How The New Balance 992 Became An Unlikely Sneaker Icon
New Balance 992 original, 2006. Photograph courtesy of New Balance
In an oversaturated market, where endless collaborations and hyped new colourways seem to drop every week, few sneakers manage to stand the test of time. New Balance and it’s unassuming line-up of sneakers, specifically the 99X, is one of the exceptions.
The 99X series debuted in 1982 and the inaugural model, the 990, was considered a game-changer. The silhouette was driven by the desire to offer the best of the best. Combining comfort and fit with some serious tech, New Balance hoped the shoe would appeal to the expanding market of runners in the US. But change was afoot in the 1980s – and we’re not just talking about the jogging boom. Dress codes were becoming more relaxed and people needed sneakers that would work with casualwear. The $100 price tag, which made the New Balance 990 the most expensive athletic sneaker at the time, also made it a bona fide status symbol, which was coveted by runners and proto-sneakerheads alike.
“The 990’s impact in 1982 can still be seen today,” says Mr Sam Pearce, creative design manager at New Balance. “There are threads of DNA that have continued and evolved over time and with each release we always respect the integrity of the series. We tackle it in much the same way a company such as Porsche would handle design, improving performance while totally respecting the product’s legacy and design aesthetic.”
The 99X series was undoubtedly ahead of its time when it made its debut, but it truly found its footing almost two decades later in 2001, when normcore icon Mr Steve Jobs adopted the grey New Balance 991 as part of his pared-down tech god uniform. Then in 2007, Jobs took to the Apple keynote stage to unveil a product that changed many of our lives for ever, the iPhone, in a pair of New Balance 992s. A new era of tech, and the non-ironic dad shoe phenomenon, was born.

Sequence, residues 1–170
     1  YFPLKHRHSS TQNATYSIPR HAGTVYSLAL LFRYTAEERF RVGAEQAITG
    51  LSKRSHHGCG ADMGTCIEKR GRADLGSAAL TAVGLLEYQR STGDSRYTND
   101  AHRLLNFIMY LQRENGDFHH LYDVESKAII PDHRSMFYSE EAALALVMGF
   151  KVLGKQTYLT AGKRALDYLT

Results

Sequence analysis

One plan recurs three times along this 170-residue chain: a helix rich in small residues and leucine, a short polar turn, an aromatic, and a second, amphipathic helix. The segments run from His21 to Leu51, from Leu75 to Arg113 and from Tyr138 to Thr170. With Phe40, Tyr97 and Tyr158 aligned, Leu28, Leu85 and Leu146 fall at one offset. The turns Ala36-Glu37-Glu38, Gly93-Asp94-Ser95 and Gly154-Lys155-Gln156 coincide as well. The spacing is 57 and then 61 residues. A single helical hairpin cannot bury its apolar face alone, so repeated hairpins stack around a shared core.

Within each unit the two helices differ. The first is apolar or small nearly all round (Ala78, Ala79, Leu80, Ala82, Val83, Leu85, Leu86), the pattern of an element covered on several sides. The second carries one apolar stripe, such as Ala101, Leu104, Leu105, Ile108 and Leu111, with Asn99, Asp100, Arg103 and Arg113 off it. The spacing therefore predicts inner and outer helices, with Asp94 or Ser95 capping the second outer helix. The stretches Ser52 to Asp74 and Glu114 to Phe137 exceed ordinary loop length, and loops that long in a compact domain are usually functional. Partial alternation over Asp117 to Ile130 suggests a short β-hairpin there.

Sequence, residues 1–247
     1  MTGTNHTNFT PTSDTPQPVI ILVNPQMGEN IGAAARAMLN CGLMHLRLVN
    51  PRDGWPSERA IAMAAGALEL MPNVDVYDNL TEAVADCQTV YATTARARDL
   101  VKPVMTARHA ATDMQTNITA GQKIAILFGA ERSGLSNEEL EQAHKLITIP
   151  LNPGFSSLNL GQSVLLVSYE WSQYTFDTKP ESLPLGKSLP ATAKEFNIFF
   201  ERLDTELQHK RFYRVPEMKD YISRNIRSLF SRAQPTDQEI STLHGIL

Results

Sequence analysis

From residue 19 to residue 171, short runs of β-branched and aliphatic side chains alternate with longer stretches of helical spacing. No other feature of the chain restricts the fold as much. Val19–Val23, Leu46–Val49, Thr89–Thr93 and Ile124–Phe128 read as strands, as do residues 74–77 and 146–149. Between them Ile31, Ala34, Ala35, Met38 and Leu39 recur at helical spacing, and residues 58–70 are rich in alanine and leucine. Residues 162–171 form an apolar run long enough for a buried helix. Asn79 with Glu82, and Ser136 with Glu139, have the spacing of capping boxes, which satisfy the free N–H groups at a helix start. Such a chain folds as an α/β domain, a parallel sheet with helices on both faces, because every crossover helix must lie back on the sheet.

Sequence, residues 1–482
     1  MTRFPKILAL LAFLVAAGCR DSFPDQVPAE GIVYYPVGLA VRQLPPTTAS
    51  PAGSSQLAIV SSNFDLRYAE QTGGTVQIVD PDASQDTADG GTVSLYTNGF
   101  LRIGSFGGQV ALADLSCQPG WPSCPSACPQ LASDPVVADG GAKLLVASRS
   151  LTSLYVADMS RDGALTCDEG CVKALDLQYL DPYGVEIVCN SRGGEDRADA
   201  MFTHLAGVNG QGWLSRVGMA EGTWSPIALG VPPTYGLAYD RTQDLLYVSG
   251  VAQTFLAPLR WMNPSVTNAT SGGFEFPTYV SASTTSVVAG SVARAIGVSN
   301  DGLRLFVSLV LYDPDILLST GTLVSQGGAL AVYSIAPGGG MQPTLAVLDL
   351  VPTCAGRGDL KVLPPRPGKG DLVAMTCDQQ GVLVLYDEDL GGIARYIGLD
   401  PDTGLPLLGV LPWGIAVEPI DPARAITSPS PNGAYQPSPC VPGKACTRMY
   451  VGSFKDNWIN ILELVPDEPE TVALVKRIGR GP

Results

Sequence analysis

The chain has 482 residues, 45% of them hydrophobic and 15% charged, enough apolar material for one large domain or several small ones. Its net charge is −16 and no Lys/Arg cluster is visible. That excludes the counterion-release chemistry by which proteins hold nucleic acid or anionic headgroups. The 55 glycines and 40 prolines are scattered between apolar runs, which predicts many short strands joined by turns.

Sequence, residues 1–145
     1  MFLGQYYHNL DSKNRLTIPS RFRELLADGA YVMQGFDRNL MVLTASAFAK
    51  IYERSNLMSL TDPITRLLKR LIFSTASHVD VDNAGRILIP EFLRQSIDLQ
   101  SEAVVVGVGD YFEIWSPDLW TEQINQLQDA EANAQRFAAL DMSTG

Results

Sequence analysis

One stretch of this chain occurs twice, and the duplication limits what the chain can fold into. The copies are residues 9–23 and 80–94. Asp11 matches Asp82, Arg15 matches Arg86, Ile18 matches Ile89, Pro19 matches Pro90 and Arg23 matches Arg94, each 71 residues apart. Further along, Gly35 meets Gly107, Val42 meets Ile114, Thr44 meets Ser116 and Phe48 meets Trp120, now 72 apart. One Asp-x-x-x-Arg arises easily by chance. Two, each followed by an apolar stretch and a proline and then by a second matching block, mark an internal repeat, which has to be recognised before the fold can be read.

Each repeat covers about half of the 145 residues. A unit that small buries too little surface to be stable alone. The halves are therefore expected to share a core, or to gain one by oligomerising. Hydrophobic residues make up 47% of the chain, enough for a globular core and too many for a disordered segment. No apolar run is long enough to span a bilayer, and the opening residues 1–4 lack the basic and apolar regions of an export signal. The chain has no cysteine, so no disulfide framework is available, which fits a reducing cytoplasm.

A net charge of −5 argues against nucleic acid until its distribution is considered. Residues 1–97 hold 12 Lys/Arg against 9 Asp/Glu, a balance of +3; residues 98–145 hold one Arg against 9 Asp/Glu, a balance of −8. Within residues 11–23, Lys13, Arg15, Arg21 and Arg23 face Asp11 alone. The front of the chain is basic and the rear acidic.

The 992 quickly became Jobs’ favourite sneaker. Rumour has it the Apple boss even had a hand in the model’s early design, reportedly sharing a sketch of his ideal sneaker with New Balance chairman Mr Jim Davis. Is there any truth to those whispers? We’ll likely remain in the dark on that mystery, but it was those all-important details that made its release so significant: the classic upper (a subtle, sportier evolution of the 991’s), the innovative Abzorb SBS shock absorption technology, which took three years to produce, in the heel, forefoot and insole, and the signature “Made in the USA” manufacturing. It was the most expensive 99X model to when it debuted in 2006 and it was loved by collectors and dads until it was discontinued in 2010.
Early concept designs by Mr Jonathan Bacon, 2004. Image courtesy of New Balance